• Please do not mix a phosphorous acid product with copper. Our results show a high probability of causing phytotoxicity.
    That's it for today. I wish you all a happy July 4th!!

    [note: Since Google dropped the blog subscription system, I have been working on alternatives. If you were a subscriber, you may receive an email from ext.grapepathology.org address.]






  • Slides from today's presentation, meetings, and newsletters (email subscription)

    Presentation slides

    Thank you to those of you who were able to make it to the meeting today. Here are slides from today's presentation (open PDF). 

    Up-coming meetings

    • Eastern Section American Society for Enology and Viticulture annual meeting (7 – 8 July): The ASEV/ES meeting will occur on-line this summer. See https://www.asev-es.org/ for details on the meeting, which will include research presentations and a panel discussion entitled “Future Grape Cultivars for Eastern North American Growers”.
    • Eastern Viticulture and Enology Forum (13 July): The July 13th meeting is the next of a series of 4 virtual meetings organized by viticulture and enology extension specialists at Penn State, Cornell, and Virginia Tech. In addition to regional round-ups of seasonal progress, specialists from around the eastern US address pre-submitted questions from participants. Registration instructions and additional information about the meetings can be found on the attached Word document.
    • Virginia Vineyards Association/Virginia Tech Summer Technical meeting (28 July)
      • Virginia Tech’s AHS Jr. Agricultural Research and Extension Center is pleased to host the Virginia Vineyards Association (VVA) and others to a viticulture/enology field day on Wednesday 28 July 2021. This will be largely outdoors, in-person, and in the heat of late-July. If you are not fully vaccinated for Covid-19 (2+ weeks post final vaccination), please wear a face-mask. Meeting registration information will be available soon at the VVA website:  https://virginiavineyardsassociation.org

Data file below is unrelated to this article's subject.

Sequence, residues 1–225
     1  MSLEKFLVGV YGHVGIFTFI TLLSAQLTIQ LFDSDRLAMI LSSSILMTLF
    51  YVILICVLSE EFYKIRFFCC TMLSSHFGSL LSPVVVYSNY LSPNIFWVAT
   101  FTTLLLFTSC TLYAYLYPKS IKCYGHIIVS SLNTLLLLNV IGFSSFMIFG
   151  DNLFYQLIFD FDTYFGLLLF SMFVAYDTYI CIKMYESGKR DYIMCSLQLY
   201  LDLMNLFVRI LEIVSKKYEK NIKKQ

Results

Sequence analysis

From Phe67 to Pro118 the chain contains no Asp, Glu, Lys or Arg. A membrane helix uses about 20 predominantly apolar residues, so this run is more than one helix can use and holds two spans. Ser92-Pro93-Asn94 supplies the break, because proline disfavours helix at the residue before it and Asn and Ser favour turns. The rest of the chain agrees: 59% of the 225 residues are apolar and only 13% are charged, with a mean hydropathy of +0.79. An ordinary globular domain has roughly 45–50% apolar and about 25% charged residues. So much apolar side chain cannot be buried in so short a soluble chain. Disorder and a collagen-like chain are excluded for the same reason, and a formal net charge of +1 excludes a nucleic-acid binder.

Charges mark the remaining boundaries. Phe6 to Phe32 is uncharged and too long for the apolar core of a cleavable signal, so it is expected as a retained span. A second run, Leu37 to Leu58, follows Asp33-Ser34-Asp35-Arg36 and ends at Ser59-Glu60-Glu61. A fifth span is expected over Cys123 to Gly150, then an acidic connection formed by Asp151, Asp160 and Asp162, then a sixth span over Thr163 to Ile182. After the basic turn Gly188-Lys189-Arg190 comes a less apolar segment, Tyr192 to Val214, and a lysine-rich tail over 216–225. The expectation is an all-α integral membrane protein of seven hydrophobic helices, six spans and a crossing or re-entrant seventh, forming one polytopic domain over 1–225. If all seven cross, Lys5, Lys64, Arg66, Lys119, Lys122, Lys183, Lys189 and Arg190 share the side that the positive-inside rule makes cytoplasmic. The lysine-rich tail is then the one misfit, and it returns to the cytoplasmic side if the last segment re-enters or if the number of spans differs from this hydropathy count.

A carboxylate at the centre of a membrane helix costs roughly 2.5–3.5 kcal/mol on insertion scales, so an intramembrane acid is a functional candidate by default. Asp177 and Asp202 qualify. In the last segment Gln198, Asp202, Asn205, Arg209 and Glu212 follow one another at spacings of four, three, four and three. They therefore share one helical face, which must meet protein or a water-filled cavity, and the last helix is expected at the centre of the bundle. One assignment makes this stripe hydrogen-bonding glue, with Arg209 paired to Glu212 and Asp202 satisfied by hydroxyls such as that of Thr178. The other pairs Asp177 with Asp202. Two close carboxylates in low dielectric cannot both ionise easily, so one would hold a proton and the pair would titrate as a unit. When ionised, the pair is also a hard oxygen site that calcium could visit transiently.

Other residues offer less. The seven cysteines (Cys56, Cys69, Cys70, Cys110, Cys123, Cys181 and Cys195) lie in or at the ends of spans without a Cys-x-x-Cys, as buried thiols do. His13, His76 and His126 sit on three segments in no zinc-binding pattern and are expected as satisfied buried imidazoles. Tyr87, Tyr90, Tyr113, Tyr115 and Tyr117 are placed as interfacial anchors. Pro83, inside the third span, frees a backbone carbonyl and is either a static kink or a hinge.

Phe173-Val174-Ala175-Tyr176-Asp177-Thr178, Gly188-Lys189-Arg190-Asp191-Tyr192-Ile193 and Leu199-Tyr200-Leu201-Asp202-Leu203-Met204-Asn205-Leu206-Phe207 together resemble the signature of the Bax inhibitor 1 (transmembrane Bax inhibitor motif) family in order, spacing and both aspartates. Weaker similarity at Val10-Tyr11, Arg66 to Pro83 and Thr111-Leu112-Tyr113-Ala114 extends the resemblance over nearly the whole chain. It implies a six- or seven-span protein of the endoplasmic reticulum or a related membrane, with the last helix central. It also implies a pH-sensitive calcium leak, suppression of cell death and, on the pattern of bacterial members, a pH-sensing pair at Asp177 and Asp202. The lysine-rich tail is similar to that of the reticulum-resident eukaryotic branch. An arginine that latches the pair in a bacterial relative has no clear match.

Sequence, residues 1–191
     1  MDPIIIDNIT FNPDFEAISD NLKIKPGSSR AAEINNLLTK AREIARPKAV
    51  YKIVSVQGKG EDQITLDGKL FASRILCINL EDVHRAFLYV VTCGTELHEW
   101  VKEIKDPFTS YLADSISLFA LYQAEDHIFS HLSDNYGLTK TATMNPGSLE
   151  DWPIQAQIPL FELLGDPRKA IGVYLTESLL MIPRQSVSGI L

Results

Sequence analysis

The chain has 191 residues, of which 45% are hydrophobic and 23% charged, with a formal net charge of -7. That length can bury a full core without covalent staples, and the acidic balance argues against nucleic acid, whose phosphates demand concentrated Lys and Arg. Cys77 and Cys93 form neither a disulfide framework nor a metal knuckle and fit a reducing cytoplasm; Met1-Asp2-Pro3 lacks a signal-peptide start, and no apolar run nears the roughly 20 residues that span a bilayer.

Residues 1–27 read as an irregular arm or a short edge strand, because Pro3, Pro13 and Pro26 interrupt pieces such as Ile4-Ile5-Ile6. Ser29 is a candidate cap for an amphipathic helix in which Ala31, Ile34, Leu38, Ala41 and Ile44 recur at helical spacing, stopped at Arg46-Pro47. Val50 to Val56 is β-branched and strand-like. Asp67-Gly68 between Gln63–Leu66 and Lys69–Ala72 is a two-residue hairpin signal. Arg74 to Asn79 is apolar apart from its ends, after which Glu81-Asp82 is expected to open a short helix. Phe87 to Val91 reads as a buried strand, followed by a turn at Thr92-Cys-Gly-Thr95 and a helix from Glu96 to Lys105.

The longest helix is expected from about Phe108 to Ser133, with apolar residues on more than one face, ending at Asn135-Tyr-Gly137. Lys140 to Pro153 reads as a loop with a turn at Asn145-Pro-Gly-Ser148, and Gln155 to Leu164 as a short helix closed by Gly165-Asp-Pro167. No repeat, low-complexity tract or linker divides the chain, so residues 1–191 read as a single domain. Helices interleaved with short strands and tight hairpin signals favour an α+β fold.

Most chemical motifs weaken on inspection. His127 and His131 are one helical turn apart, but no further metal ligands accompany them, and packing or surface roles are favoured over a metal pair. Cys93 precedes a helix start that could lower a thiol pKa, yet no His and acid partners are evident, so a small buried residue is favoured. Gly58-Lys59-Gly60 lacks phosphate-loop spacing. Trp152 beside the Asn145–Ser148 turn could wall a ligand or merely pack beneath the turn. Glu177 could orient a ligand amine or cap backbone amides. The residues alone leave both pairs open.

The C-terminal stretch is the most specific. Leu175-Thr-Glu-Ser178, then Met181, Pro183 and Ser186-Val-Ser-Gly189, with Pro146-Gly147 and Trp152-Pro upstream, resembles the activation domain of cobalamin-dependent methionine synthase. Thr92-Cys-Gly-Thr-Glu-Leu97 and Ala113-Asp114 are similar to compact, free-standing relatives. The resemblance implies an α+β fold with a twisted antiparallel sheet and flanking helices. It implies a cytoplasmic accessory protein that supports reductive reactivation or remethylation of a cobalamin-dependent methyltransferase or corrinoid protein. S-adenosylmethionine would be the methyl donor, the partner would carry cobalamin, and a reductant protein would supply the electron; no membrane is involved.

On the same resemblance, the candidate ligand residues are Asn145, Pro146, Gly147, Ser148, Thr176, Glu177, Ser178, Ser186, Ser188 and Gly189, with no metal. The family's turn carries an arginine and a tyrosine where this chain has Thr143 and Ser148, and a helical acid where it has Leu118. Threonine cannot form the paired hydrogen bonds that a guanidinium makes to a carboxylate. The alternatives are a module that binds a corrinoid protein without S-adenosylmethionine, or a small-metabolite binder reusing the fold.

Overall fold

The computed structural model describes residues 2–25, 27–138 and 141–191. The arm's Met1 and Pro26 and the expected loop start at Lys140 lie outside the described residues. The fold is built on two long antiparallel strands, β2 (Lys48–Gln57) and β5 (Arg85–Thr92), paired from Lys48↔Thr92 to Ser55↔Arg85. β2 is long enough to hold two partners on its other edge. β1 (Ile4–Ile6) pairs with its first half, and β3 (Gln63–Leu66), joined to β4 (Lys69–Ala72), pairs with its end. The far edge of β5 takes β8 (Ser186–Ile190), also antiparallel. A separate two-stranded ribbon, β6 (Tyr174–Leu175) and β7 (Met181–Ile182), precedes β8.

• The day-long program, starts with registration at 8:00 am and includes the following, with much of the content simultaneously translated to Spanish:
      • Review of viticulture and grape pathology research projects at the AREC (Use of ABA to delay budburst, field trial of enzymatic fungicide for powdery mildew management; use of rainshields under field conditions; novel wine grape variety research, and more)
      • Invited speaker on ripe rot and other late-season rots of grape
      • Demonstration of under-trellis vegetation management options (Winchester Equipment)
      •  Catered lunch
      • Hands-on canopy assessment and late-season tune-up
      • Grower’s experience with Petit Manseng, including tasting of different Petit Manseng wine styles
      • An opportunity to socialize with other industry members
    Newsletter
    Unfortunately, Google stopped its blog subscription service. If you are a subscriber, you will receive an email from me. I will do my best to keep the same format as this blog, but pictures may not show up as nicely as used to be. I am seeking alternative options.


  • Recent grape disease risk events

    It looks like we all received much-needed rains, which is good for vine growth. However, since most of our vines are still within the critical period for cluster infection by downy mildew, powdery mildew, and black rot (~ until 6 weeks after bloom for V. vinifera, ~ 4 weeks for V. labrusca), it also means that we may have had risk events for disease infection. Since the month of May was dry, I think the overall disease risk is low for downy, black rot, and other diseases that are driven by rain (e.g., ripe rot and Botrytis), but I just want to go over recent NEWA outputs. 

    Disease risks from the recent rain events

    Westfield (Close to Bristol, VA)


    It seems that the southwest VA received quite a bit of rain over the past two weeks! I would think many cultivars are close to the end of the critical period, but if you are concerned, a DMI fungicide and a Ridomil or Phos-acid product are effective for black rot and downy mildew, respectively. These materials can be applied a few days after the rain (2-3 days for downy, 3-4 days for black rot) to stop the ongoing infection process.